Friday, 25 March 2016
RealtyTrac.com has just released their annual house flipping report for 2015. The report showed that 179,778 single family houses and condos were flipped in 2015. This accounted for 5.5% all home sale transactions that year. This was up from a 5.3% share of sales in 2014.
For this report RealtyTrac counted a flip as "defined as a property that is sold in an arms-length sale for the second time within a 12-month period based on publicly recorded sales deed data collected by RealtyTrac." The data was collected from 950 counties accounting for more than 80% of the population.
The trend indicates that there is a larger number of smaller investors doing fewer flips each. The total number of investors who completed at least one flip was the highest since 2007. However, the average number of flips per investor was at the lowest level since 2008. This is interesting and in a way gratifying. I would hope that my work in educating new investors has helped more of them to get started and successfully flip houses.
This is also interesting because opportunities for flipping aren't as plentiful or easy to locate as they have been in the recent past after the market crash. These newer and less active investors are obviously doing their homework and due diligence. Some performance numbers from the RealtyTrac report show it:
• Homes on average were purchased at prices 26 percent below estimated market value.
• The homes were sold at an average 5% premium over estimated market value.
• The average gross profit per flip was $55,000, a 10-year high.
• The average was down to 1.63 flips per investor.
These are conservative numbers, and that's not a bad thing. When new investors are jumping into the market and prices are rising, there will be fears of over-speculation. However, these conservative margins tell us that they're being careful and profitable.
I think that we'll see even more new investors in 2016, and that there will be a low number of transactions each on average. There are a number of reasons. Of course there has been plenty of promotion of flipping, with TV shows all over. The gyrations of the stock market, ho-hum job markets, and a generally slow economy have definitely been contributors to more interest in real estate.
It's not unreasonable for us to believe that all of the promotion and exposure on real estate investment and house flipping has been a part of these numbers. However, we should also be happy that there has been enough good solid education in how to do it right that we're seeing this success data. I hope we'll build on the new investor interest and keep them successfully growing their businesses.
Thursday, 17 March 2016
I don't think anyone who has ever thought about buying or selling real estate will not understand the "location, location, location" thing. Real estate doesn't move, and there is a finite supply. Where a home is located has a lot to do with value and what buyers will pay to live there. Sometimes the location factor can have a greater impact due to the neighbors. I don't mean other residences either.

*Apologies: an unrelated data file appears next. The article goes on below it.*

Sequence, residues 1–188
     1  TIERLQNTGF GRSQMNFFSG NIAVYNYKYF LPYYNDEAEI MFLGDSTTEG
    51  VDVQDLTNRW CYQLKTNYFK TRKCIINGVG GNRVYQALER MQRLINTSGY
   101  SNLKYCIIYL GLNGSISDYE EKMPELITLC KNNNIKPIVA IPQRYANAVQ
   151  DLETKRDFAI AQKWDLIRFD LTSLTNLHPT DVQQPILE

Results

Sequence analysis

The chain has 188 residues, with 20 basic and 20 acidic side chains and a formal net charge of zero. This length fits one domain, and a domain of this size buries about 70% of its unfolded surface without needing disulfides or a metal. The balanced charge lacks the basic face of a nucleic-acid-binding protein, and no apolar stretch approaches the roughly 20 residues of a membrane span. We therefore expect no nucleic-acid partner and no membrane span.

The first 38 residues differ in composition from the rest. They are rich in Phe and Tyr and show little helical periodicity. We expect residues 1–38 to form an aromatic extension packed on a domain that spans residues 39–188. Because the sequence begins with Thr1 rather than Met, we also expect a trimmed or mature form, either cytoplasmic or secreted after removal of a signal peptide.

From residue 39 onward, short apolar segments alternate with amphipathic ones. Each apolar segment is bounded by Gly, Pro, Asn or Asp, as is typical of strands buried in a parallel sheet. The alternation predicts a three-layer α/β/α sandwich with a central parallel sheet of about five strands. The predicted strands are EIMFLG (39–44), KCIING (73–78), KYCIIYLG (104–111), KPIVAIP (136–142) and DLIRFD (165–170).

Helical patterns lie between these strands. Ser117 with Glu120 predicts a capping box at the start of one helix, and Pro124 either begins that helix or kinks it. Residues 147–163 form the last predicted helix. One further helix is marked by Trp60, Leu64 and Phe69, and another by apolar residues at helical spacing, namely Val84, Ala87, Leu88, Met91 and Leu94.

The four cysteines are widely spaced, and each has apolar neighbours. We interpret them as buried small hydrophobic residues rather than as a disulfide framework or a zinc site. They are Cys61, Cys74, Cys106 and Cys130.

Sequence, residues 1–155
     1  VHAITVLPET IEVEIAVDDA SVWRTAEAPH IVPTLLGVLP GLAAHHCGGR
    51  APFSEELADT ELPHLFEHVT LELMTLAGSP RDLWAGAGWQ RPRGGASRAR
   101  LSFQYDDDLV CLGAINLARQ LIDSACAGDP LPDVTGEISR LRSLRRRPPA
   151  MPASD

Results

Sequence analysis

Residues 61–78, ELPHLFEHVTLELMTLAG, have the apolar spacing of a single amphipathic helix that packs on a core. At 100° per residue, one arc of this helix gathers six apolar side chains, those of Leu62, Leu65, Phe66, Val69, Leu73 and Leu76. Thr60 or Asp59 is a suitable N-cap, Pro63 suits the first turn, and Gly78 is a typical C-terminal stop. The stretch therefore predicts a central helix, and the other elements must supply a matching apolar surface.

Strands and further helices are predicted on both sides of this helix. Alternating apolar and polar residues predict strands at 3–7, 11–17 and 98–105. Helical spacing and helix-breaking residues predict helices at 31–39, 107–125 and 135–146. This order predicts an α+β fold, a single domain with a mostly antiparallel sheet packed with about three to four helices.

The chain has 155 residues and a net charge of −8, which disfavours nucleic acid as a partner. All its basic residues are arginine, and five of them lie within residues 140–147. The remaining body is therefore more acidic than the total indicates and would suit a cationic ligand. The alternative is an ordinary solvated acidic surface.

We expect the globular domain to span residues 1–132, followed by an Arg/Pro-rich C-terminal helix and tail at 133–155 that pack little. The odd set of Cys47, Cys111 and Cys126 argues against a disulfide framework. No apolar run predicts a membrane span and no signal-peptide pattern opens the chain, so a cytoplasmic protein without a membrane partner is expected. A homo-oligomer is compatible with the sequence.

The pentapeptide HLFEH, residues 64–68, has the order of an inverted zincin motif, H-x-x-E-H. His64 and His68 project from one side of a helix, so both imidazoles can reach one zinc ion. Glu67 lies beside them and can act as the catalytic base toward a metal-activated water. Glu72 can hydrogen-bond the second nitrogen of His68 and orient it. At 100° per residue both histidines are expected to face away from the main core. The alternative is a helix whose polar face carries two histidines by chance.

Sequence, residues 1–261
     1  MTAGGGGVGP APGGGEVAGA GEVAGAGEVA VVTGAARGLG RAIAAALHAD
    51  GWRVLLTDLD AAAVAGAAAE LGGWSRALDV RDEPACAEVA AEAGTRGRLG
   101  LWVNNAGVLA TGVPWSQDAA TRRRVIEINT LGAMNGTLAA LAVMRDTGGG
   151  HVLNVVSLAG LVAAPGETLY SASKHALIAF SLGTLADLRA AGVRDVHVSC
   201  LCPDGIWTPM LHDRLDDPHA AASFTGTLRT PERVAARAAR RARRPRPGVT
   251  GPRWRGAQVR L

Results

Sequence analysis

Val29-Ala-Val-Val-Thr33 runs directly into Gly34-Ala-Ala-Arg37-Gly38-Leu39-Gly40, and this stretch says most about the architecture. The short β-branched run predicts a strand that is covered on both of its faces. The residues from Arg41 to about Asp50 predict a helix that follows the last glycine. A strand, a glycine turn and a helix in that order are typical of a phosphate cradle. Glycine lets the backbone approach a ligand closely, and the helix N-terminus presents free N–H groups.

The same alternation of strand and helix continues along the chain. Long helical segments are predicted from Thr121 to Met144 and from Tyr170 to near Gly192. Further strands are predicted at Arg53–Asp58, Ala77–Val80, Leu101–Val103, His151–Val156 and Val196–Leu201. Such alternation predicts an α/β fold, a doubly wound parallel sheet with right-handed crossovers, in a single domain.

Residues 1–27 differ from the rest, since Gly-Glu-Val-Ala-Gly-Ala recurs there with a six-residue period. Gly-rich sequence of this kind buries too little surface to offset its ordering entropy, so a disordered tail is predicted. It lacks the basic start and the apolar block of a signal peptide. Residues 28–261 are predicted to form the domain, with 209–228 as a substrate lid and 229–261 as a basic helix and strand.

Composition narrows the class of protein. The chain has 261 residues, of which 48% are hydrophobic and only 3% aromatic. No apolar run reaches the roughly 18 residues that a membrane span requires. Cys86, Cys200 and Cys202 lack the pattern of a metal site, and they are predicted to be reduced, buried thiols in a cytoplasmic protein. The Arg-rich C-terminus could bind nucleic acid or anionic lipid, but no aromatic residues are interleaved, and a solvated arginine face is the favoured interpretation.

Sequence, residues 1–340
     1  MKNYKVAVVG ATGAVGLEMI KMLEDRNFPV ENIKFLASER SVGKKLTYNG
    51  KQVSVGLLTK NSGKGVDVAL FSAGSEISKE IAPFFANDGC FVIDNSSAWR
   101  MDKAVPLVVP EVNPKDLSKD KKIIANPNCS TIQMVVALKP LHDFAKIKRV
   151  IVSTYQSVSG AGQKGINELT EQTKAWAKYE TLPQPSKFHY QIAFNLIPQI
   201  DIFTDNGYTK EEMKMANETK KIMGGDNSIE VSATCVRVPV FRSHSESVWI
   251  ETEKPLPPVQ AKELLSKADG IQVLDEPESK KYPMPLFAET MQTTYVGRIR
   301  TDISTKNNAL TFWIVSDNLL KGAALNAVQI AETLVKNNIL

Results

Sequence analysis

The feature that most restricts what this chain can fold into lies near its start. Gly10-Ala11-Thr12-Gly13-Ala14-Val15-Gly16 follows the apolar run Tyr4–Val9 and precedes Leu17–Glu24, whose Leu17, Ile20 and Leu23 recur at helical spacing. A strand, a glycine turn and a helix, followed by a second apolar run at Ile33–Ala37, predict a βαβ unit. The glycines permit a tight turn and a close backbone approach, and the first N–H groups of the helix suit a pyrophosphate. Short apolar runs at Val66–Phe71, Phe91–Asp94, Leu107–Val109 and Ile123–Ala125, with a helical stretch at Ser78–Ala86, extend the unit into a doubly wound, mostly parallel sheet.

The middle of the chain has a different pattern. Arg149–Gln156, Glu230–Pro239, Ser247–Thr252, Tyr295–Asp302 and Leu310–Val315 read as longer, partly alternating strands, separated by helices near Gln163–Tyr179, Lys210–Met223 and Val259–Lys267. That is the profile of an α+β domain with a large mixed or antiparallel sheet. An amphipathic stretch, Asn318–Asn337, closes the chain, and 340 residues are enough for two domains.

There has for years been something called the "Starbucks factor." Data shows that homes near a Starbucks carry higher values than those farther away, even when other amenities and features are the same. Sometimes a new Starbucks is an indicator of neighborhood change or gentrification. Their market research is amazing, and often local real estate trends are uncovered early.
Now there is more information surfacing in reference to organic and specialty grocery stores. Trader Joe's and Whole Foods are examples. Data is accumulating that reinforces the trend for home values to increase faster in close proximity to these businesses.
One reason could be that the higher cost of organic food means that regular customers must be in higher income brackets. Of course, they will also be willing and able to pay higher prices to live where they want and enjoy their favorite amenities. When a home buyer isn't struggling to reach a price level for a particular neighborhood, prices tend to rise faster than in other areas. When home buyers want the best produce and niche foods, we find that they want to be near the places where they can get them.
Okay, what does this mean for home buyers? Of course, if you're trying to make a decision about neighborhood and can afford it, you may want to place more emphasis on the home closer to one of these upscale or niche businesses. Over time, your investment should increase in value faster, or at least that's what data is telling us.
Even more exciting, especially for investors, can you find a Starbucks, Whole Foods or Trader Joe's breaking ground? This is especially true if it's the first of this group in the neighborhood. They're paying high dollar market analysts to gather demographics to support the significant investment they must make to build their new business. Why not take advantage of their due diligence if you can buy in the area?
For a double whammy, if you can find a neighborhood about to go through change, and these businesses are moving in, you may be able to pick up a bargain that will have an almost immediate value bump as the word gets around. This could be a great wholesaling or flip opportunity if you get there early enough.
As the glut of foreclosures continues to decline, you can create some opportunity of your own. A retail flip may be worth some rehab work. You may even find a rental home investment to be a great strategy. There is always opportunity if you keep up with developing trends, and this is one that seems to have legs.